How to Treat Psoriasis & Dermatitis by Donna Aston

The skin never lies. As our body's largest organ, it acts as a tangible window into our overall health. Our skin can indicate internal health conditions we might not know about, from nutrient deficiencies and dehydration to more serious illnesses such as autoimmune disorders or infections. Learning about potential skin-related signs of illnesses helps us maintain our well-being and overall health.

There can be a host of reasons for skin complaints such as acne, dermatitis, psoriasis, skin ageing, skin cancer, and dandruff. However, one reason that has long been overlooked is gut health. 

While we often link skin complaints with the environment, our lifestyle, or genetics, what we eat is a major factor in maintaining healthy skin. If you’ve been struggling with skin problems despite making positive changes to your lifestyle, it may be worth looking at how to improve your gut health. 

An imbalance of bacteria species in the gut, known as dysbiosis, is associated with an altered immune response. Of its many potentially nasty results are the development of skin disorders such as psoriasis and dermatitis.

Some microbes promote inflammation, regulate immune cells, and alter neurotransmitters which can affect your skin. Changes in gut flora may also increase the permeability of the intestinal wall, known as a leaky gut. A leakage of gut bacteria into the bloodstream may result in a variety of skin conditions. Thankfully, there are ways to address this and the results are likely to be evident quite quickly. 

Dietary changes, as well as pre and probiotic supplements, can be a good start along with specific dietary methods, such as intermittent fasting. Intermittent fasting has been associated with an improvement in the intestinal wall barrier and, therefore, improving skin condition.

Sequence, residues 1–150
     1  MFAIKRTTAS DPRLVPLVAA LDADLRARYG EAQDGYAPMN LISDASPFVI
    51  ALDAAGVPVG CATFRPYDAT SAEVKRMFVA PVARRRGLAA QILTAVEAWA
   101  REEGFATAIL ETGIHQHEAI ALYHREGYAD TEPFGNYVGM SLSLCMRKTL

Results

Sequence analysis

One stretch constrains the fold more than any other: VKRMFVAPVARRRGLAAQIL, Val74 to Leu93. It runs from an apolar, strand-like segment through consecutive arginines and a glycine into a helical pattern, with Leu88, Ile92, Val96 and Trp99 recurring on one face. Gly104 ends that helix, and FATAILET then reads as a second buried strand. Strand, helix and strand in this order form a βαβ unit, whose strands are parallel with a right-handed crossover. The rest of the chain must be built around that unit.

Let’s look at two of the most common skin conditions and their connection to gut health:


There is a distinct difference in gut bacteria species in dermatitis sufferers, such as a lower diversity of microbes and altered levels of specific bacteria species. Foods that are good for gut health, such as probiotics and prebiotics, can help keep the microbiome balanced and reduce inflammation which may help people suffering from dermatitis. Additionally, many studies recommend removing foods that are hard to digest or contain inflammatory substances to avoid irritating the digestive system - as this can cause adverse effects on the skin over time. 


Psoriasis is an inflammatory disease caused by an interplay between genetics, lifestyle, and the environment. It’s linked to gluten sensitivity, along with several skin conditions but is also associated with changes in microbiome diversity. About 10% of inflammatory bowel disease (IBD) sufferers commonly have psoriasis.

Recent research has suggested that a correlation exists between gut health and psoriasis, as the two systems may be more closely intertwined than previously thought. In particular, studies have been conducted exploring the effects that changing diet to include probiotic-rich foods may have in aiding individuals with psoriasis symptoms. Therefore, it is important to recognize that while conventional treatments are typically recommended, also considering one's microbiome as a potential area of adjustment may yield promising results when managing this skin condition.

Other lifestyle factors such as alcohol consumption and smoking can also have major implications for psoriasis. Both alcohol and smoking have been associated with the exacerbation of skin lesions and even poor responses to treatments.

In addition, obesity is also an independent risk factor for the development of psoriasis. A healthy weight is associated with a reduction in symptoms. Furthermore, a lowered carbohydrate intake and intermittent fasting have been shown to have a positive impact on psoriasis.

When it comes down to it, having healthy-looking skin starts from within - namely from what we put into our bodies through our diet. Slightly altering our diets towards more probiotic-rich food sources, along with reducing stress levels and avoiding processed foods high in sugar, will help rebalance our microbiome for improved gut health. In turn, this can lead to noticeably healthier-looking skin.

Donna Aston
Health & Wellness Ambassador

You can find out more about the link between food and skin at